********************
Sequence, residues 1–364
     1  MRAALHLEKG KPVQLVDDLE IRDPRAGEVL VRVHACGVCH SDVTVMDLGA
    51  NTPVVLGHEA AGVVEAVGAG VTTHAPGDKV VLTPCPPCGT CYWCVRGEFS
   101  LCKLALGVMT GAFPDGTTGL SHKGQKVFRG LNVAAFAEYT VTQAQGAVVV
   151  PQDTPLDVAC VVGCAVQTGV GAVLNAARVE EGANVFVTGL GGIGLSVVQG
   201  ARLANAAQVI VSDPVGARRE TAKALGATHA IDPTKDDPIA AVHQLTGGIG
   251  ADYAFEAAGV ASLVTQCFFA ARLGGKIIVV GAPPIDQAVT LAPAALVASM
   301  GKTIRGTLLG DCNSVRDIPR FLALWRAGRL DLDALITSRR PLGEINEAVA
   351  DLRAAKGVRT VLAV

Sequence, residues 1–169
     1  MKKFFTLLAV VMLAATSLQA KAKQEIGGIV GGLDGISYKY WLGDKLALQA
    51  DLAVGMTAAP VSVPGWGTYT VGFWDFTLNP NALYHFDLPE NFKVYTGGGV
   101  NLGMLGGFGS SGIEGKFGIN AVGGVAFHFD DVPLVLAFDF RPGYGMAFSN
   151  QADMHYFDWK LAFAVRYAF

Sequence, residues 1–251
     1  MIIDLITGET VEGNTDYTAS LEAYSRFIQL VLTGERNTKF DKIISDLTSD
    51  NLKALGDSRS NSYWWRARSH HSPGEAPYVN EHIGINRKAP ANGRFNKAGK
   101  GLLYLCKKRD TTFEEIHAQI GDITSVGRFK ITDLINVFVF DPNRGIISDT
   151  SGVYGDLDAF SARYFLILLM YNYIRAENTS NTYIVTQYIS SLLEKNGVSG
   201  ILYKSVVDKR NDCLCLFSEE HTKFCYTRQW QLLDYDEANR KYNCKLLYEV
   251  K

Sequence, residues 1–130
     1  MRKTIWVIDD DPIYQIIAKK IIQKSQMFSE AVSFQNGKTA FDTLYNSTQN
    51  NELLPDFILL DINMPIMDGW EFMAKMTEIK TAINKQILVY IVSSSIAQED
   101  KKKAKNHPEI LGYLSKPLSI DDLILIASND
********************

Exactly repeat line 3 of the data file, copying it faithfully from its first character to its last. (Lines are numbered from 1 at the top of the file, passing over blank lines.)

    51  NTPVVLGHEA AGVVEAVGAG VTTHAPGDKV VLTPCPPCGT CYWCVRGEFS